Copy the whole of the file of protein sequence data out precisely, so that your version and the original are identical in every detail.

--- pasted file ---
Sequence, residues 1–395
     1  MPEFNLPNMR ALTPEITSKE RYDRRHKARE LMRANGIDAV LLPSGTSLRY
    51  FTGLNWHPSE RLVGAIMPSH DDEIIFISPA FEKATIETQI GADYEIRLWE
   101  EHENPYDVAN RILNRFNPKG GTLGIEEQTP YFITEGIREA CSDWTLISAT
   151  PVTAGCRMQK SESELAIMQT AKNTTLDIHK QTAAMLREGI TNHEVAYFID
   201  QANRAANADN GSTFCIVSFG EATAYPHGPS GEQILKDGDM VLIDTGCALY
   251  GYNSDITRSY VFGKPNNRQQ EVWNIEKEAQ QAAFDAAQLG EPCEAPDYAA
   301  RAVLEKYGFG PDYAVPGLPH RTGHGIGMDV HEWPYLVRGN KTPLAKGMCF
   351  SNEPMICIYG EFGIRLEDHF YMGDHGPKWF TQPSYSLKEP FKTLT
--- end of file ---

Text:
Sequence, residues 1–395
     1  MPEFNLPNMR ALTPEITSKE RYDRRHKARE LMRANGIDAV LLPSGTSLRY
    51  FTGLNWHPSE RLVGAIMPSH DDEIIFISPA FEKATIETQI GADYEIRLWE
   101  EHENPYDVAN RILNRFNPKG GTLGIEEQTP YFITEGIREA CSDWTLISAT
   151  PVTAGCRMQK SESELAIMQT AKNTTLDIHK QTAAMLREGI TNHEVAYFID
   201  QANRAANADN GSTFCIVSFG EATAYPHGPS GEQILKDGDM VLIDTGCALY
   251  GYNSDITRSY VFGKPNNRQQ EVWNIEKEAQ QAAFDAAQLG EPCEAPDYAA
   301  RAVLEKYGFG PDYAVPGLPH RTGHGIGMDV HEWPYLVRGN KTPLAKGMCF
   351  SNEPMICIYG EFGIRLEDHF YMGDHGPKWF TQPSYSLKEP FKTLT